When I am helping a family prepare for their birth, I spend a lot of time talking about food. What will you bring to your labour to eat and drink? Will you pre-make and freeze meals for after the birth, or ask friends and family to do a meal train? Thinking about food is what I do, so it’s inevitable that I talk about it when preparing for a birth.
In general, I recommend bringing hearty snacks (nuts, dried fruits, granola bars), drinks with lots of electrolytes (coconut water, gatorade, etc.) and fresh or frozen fruits to the hospital or birth centre. These amazing walnut fig bars, however, are hands down one of the best birth snacks. Delicious, packed with protein, easy to nibble on and not too sweet, they are seriously amazing. Not to mention that they are vegan and can be made gluten free (using gluten free oats).
I’ve been obsessed with Sarah Britton’s blog, My New Roots, for years now. In 2015, she released a cookbook that has been the source of inspiration everything from my holiday baked goods to healthy breakfasts and delicious soups. Sarah avoids using types of ingredients that sensitive bellies tend to react to: white flour, dairy, soy, yeast and refined sugar. She uses fresh and whole foods to reinvent recipes and in doing so, comes up with incredible creations.
These bars take about an hour to make and can last in the fridge for a week, or a couple months in the freezer.
I have made them with almonds instead of walnuts, supplemented the figs with dates and made the applesauce by scratch. There is lots of room for variation and they taste great every single time.
Walnut Fig Bars
1½ tablespoons chia seeds
2 cups/280g raw walnuts
2 cups/200g rolled oats
¼ cup/60g applesauce
2 tablespoons maple syrup
1 tablespoon coconut oil
1 teaspoon vanilla extract
¾ teaspoon fine sea salt
1 teaspoon baking powder
2 cups/300g dried figs
½ tablespoon ground cinnamon
½ teaspoon ground ginger
½ cup/125g unsweetened applesauce
Grated zest of 1 lemon
¼ teaspoon fine sea salt
1. Combine the chia seeds with ¼ cup/56ml water in a small bowl; set aside for 15 minutes to form a gel.
2. In the meantime, put 1 cup/140g of the walnuts on a baking sheet and place in the oven. Set the temperature to 350°C/180°F. Toast the walnuts while the oven is warming up (depending on how fast your oven heats up, this could take 5 to 15 minutes – just keep an eye on them to make sure they don’t burn!). Remove from the oven and set the walnuts aside to cool. Leave the oven on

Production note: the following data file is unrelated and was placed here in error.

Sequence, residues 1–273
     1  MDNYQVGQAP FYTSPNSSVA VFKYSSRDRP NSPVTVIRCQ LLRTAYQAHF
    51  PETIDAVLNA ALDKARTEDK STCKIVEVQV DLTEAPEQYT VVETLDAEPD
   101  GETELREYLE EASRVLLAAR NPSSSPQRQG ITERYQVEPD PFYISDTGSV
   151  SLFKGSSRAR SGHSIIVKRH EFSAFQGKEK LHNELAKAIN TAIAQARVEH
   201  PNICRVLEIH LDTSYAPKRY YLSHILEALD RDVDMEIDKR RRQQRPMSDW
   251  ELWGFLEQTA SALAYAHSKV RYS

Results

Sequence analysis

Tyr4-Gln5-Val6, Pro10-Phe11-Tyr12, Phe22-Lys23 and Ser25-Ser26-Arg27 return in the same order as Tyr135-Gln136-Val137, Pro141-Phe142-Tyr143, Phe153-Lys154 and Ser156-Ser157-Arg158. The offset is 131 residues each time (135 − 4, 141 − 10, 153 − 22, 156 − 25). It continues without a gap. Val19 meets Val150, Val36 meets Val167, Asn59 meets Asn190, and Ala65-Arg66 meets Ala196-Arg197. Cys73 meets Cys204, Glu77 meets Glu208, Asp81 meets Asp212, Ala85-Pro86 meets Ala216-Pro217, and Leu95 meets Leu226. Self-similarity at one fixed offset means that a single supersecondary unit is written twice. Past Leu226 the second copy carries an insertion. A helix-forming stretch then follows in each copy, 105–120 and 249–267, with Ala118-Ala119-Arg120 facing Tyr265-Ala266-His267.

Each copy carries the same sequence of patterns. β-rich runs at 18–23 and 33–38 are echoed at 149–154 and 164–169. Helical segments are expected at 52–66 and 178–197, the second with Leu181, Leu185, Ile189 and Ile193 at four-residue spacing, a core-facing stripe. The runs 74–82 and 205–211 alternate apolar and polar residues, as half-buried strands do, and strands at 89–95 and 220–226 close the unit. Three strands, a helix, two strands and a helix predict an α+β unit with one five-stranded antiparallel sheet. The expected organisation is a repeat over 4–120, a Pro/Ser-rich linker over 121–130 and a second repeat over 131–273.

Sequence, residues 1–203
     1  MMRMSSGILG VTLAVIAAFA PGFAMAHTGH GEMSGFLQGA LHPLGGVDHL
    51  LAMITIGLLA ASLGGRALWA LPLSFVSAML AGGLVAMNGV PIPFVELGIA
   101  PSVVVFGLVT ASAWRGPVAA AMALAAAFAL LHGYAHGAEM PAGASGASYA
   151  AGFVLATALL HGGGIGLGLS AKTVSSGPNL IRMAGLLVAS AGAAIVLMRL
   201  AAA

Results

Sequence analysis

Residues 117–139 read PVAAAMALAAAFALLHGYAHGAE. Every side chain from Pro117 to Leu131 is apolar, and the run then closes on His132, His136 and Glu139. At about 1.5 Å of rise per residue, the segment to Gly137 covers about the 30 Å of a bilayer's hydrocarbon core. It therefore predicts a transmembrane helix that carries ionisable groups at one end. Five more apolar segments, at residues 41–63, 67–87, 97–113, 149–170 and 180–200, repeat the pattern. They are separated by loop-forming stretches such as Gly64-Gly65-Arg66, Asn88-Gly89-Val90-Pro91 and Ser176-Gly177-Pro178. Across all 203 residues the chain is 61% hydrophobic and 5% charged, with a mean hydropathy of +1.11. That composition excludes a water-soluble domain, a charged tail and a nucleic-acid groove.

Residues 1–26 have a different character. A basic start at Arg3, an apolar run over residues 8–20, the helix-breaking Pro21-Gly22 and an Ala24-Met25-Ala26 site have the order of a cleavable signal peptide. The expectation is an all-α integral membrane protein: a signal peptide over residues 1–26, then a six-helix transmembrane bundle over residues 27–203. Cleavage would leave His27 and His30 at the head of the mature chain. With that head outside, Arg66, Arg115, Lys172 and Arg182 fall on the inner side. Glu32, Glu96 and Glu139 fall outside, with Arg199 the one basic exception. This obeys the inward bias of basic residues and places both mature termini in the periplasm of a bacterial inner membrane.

3. In a food processor, process 1 cup/100g of the oats on the highest setting until you have a rough flour. Add the toasted walnuts and blend again, until you have a sandy-textured meal. Add the chia gel, applesauce, maple syrup, coconut oil and vanilla. Pulse until moist.
4. In a medium bowl, combine the remaining 1 cup/100g of the rolled oats, ¾ teaspoon of salt, and the baking powder. Add the processed oat mixture and fold to combine. You may need to use your hands.
5. Take about two-thirds of the crust mixture and press it firmly into an 8-inch/2cm square baking pan. It helps to get your hands wet so that the dough doesn’t stick!
6. Wipe the food processor so that it’s relatively clean. Roughly chop the figs and put them in the food processor, along with the cinnamon, ginger, applesauce, lemon zest and salt. Blend on the highest setting until the desired consistency is reached. It’s your choice whether to leave it a bit chunky or blend until completely smooth. Spread the filling evenly across the crust base.
7. Drop the remaining crust mixture in small chunks all over the filling, covering as much of it as possible. Roughly chop the remaining 1 cup/140g of walnuts and sprinkle them over the top; then lightly press the nuts into the crust. Bake for 25 to thirty minutes, until slightly golden on top. Let them cool completely before cutting into bars.